Learning objectives
  1. Explain how SMART on FHIR supports research with data in EHRs.
    SMART on FHIR allows for a single application to integrate with multiple institutions’ EHRs with minimal institution-specific customization. Without SMART on FHIR, substantial institution-specific development work would be needed.
  2. Give an example of how SMART on FHIR has been used in published research.
    SMART on FHIR has been used to integrate new CDS systems into EHRs and integrate additional data sources like patient-reported outcomes into EHRs.
Relevant roles:
  • Investigator
  • Research Leaders
  • Informaticist
  • Software Engineer
  • Clinician Scientist/Trainee

SMART on FHIR1 was introduced in 2016 “to enable medical applications to be written once and run unmodified across different healthcare IT systems.” (Mandel et al. 2016)

To enable “write once, run anywhere” applications, SMART on FHIR uses FHIR along with common web technologies, such as OAuth 2 and OpenID Connect. Many EHRs–including those from Cerner, Epic, and MEDITECH–support SMART on FHIR applications. Researchers have successfully used SMART on FHIR applications across multiple EHRs (Wesley et al. 2021), though implementation differences may require additional work to resolve.

1 Research use cases

1.1 Integrating with an EHR

Researchers primarily use SMART on FHIR to integrate with an EHR. For example, several researchers have trialed new clinical decision support (CDS) systems using SMART on FHIR. They use SMART on FHIR to integrate their CDS tool into EHRs without modifying the EHRs and without creating unique versions for each EHR vendor.

Tarumi et al. (2021) used this approach to show that an AI-driven CDS could integrate with Epic via SMART on FHIR, and Curran et al. (2020) used this approach to prototype a CDS system for chronic disease management.

1.2 Adding data to an EHR workflow

Researchers also use SMART on FHIR to add data to EHR workflows. For example, a patient may use a web or smartphone app to report their outcomes data. A SMART on FHIR application can make this data accessible from an EHR (Wesley et al. 2021).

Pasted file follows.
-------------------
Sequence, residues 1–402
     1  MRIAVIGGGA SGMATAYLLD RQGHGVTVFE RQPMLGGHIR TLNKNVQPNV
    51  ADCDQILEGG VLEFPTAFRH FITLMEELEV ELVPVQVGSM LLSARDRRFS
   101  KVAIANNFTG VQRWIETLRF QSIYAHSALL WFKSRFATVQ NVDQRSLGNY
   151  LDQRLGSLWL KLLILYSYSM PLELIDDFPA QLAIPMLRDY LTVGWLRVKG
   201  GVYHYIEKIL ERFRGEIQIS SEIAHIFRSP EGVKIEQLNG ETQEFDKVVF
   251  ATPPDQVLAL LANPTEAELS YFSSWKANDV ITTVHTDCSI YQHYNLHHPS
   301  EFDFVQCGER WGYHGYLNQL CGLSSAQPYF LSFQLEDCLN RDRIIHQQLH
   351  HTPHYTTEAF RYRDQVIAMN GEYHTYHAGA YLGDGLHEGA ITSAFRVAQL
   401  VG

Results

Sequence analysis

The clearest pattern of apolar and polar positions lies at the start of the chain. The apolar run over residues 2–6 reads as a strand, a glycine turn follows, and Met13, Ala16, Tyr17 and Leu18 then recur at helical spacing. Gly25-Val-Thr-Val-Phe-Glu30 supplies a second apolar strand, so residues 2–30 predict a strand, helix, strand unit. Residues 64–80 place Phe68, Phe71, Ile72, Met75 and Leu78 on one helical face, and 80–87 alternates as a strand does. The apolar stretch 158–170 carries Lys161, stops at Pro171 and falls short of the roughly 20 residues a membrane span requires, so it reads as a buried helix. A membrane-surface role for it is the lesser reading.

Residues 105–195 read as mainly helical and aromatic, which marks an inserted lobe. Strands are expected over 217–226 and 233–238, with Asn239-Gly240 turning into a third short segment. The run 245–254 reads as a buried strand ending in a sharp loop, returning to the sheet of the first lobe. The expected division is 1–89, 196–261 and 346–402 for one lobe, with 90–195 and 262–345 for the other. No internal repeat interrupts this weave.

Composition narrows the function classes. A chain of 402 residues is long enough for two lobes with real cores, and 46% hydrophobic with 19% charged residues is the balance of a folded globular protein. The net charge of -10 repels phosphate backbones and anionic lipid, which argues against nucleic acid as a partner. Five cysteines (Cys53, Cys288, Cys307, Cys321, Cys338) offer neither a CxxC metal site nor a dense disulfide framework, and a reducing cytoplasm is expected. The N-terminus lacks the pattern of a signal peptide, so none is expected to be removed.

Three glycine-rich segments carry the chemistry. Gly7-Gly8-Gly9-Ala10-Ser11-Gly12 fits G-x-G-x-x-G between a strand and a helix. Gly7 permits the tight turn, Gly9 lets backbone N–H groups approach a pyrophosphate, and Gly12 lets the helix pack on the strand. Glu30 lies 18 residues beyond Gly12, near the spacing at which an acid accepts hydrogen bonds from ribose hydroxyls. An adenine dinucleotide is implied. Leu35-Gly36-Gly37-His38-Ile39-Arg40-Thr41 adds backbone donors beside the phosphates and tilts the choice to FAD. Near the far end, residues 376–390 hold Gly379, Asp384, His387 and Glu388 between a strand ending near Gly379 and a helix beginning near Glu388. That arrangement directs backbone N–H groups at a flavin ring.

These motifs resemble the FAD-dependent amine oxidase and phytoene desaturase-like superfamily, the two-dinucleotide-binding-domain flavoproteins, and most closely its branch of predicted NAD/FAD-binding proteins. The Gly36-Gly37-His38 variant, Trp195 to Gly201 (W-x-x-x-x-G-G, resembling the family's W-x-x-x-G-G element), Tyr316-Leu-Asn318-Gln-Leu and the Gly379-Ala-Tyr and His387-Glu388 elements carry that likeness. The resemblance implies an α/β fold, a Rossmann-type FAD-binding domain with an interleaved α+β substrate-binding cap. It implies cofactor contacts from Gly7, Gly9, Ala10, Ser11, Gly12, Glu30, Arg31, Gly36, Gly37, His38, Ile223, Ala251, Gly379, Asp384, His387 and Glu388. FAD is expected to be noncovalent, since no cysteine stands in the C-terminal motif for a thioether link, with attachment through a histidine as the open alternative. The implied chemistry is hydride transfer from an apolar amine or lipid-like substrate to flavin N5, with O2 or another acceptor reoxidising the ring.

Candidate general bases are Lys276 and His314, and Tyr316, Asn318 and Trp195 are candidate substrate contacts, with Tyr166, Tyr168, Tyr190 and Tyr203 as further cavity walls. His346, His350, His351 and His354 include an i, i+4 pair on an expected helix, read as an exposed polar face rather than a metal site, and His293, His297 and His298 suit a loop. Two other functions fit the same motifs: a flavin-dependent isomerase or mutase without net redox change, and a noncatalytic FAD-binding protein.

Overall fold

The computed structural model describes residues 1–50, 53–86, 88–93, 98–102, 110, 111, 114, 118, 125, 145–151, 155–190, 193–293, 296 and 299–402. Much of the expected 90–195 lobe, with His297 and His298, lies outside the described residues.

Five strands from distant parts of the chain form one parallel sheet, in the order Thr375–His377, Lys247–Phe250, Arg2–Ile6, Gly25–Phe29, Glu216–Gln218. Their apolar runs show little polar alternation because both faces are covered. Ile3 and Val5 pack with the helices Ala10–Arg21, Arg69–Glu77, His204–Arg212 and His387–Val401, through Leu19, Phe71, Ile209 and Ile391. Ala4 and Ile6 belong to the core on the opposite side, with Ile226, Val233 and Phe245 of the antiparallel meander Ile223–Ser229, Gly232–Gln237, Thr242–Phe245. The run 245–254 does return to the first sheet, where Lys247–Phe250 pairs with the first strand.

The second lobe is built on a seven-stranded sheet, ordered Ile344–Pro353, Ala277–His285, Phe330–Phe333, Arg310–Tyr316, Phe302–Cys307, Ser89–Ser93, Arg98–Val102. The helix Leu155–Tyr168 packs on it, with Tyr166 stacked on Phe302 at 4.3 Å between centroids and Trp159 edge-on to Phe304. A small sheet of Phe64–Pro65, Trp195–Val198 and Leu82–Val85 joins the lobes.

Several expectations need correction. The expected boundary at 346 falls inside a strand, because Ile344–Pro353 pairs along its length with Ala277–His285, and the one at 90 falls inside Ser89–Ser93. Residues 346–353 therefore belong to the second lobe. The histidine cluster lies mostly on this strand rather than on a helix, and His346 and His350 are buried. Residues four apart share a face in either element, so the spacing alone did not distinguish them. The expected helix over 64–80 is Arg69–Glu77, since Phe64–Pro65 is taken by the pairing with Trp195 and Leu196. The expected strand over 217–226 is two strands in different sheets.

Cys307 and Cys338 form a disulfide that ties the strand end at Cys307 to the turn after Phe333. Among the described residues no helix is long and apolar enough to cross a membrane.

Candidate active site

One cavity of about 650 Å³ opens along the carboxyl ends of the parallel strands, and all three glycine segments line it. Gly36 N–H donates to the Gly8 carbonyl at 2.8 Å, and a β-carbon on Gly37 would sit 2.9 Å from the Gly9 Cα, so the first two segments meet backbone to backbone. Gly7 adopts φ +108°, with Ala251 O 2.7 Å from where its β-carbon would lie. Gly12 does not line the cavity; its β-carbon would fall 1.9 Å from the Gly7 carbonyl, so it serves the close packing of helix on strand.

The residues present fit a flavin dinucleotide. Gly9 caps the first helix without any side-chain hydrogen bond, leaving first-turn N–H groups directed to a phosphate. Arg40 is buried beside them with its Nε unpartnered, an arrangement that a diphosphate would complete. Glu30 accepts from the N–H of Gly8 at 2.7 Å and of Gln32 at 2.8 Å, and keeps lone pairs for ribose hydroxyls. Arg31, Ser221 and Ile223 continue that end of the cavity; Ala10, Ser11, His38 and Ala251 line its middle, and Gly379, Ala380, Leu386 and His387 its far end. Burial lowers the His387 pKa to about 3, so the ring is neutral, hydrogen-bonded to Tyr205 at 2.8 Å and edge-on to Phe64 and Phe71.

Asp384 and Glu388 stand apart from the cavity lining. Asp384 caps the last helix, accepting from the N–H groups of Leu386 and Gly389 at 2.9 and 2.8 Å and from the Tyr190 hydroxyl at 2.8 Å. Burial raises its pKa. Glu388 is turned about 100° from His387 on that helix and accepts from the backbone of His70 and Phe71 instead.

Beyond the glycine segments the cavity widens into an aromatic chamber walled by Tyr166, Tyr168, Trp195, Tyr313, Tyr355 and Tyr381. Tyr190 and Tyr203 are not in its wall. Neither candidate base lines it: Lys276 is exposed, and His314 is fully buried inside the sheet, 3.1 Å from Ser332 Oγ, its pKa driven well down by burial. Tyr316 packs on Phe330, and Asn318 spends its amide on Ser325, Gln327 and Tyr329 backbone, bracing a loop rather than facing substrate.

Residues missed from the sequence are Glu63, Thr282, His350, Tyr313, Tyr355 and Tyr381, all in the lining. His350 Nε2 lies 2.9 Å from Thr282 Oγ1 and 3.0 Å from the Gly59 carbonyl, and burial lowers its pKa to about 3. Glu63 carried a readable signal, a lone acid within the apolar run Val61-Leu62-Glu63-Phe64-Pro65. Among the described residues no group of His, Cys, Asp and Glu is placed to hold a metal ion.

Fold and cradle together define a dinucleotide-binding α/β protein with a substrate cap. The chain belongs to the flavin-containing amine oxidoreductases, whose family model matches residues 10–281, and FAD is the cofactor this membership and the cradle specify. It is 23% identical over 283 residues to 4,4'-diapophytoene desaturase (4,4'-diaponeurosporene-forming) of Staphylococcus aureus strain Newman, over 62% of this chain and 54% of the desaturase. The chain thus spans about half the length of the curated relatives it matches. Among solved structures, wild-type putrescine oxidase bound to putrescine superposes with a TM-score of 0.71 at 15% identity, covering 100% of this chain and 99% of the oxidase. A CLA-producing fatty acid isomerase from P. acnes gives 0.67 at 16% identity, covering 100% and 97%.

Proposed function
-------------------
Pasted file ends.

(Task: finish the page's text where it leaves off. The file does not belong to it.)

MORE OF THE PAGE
SMART on FHIR can also help researchers integrate data into an EHR that the EHR does not natively support. For example, Watkins and Eilbeck (2020) discuss how genetic testing could be better-integrated with EHRs using SMART on FHIR and CDS Hooks (see below).

1.3 Accessing bulk data

SMART on FHIR facilitated Bulk Data Access (see below) may provide a new way for researchers to access population-level data. A researcher may want to gather population data from multiple institutions that do not store their data using a shared common data model. However, if these EHRs use FHIR, they likely use the widely implemented US Core FHIR Implementation Guide. SMART on FHIR with Bulk Data Access would enable researchers to access the data as US Core-conforming FHIR resource instances across these institutions.

Note, SMART on FHIR used for Bulk Data Access is relatively new and has not yet appeared in peer-reviewed research publications.

1.4 SMART on FHIR app gallary

The SMART App Gallery lists a number of SMART on FHIR applications, which may provide additional ideas on how SMART on FHIR could be used for research.

2 Capabilities

SMART on FHIR pulls together existing standards to enable third-party applications to integrate with EHRs. These include:

SMART on FHIR capabilities, adapted from Mandel et al. (2016).
Capability Approach
Authorization The OAuth 2 web standard enables third-party SMART on FHIR applications to access specific sets of data from an EHR.
Authentication The OpenID Connect web standard allows a SMART on FHIR application to tell the EHR who is using it (e.g., to allow a patient to access their own health data via SMART on FHIR).
Data models The standard set of FHIR resources are used to represent data. Additional customization can occur via FHIR profiles.
Profiles US Core Data Profiles or other FHIR Implementation Guides can be used to provide additional customization on top of the standard FHIR resources.
Data access Once a third-party application is authenticated and authorized, the standard FHIR REST API is used to exchange data.
Data format Data are formatted using the standard FHIR JSON or XML formats.
EHR UI integration third-party applications can be launched from within an EHR using SMART App Launch.
EHR backend integration third-party applications can launch in an EHR without an EHR user interacting directly with it using SMART Backend Services.